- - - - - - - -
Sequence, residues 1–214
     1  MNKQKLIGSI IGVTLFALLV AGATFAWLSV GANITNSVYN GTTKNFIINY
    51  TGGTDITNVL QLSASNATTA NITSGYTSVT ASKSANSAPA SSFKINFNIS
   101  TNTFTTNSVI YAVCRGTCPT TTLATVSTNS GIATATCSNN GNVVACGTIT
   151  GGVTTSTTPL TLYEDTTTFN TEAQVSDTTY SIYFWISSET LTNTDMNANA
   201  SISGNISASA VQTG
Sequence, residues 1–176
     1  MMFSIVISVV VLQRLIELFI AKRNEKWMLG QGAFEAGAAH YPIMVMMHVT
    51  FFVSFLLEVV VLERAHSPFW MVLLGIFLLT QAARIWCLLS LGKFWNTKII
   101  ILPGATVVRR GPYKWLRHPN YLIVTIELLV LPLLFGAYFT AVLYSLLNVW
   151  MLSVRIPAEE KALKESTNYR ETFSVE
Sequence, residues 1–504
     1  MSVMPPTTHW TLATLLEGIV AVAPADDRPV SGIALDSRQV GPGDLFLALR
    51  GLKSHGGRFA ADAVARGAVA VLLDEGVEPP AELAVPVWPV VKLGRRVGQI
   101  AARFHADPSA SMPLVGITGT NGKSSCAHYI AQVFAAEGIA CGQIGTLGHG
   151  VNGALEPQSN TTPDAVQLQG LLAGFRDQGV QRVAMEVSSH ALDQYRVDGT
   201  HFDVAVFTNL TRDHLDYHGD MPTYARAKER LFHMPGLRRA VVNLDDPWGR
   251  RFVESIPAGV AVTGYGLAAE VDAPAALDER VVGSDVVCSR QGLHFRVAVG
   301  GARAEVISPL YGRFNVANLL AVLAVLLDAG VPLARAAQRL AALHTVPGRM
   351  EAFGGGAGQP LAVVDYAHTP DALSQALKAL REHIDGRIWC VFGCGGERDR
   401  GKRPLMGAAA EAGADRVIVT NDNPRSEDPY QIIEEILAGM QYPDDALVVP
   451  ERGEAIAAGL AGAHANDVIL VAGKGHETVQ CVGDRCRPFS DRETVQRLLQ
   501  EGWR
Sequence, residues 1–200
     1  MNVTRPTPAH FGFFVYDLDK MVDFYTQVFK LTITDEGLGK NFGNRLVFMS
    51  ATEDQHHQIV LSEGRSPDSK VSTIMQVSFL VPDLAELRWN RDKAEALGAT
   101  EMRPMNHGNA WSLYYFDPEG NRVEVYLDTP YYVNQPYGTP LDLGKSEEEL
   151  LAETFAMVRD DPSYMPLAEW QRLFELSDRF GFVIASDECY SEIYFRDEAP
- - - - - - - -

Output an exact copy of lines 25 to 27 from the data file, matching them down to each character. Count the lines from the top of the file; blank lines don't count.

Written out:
     1  MNVTRPTPAH FGFFVYDLDK MVDFYTQVFK LTITDEGLGK NFGNRLVFMS
    51  ATEDQHHQIV LSEGRSPDSK VSTIMQVSFL VPDLAELRWN RDKAEALGAT
   101  EMRPMNHGNA WSLYYFDPEG NRVEVYLDTP YYVNQPYGTP LDLGKSEEEL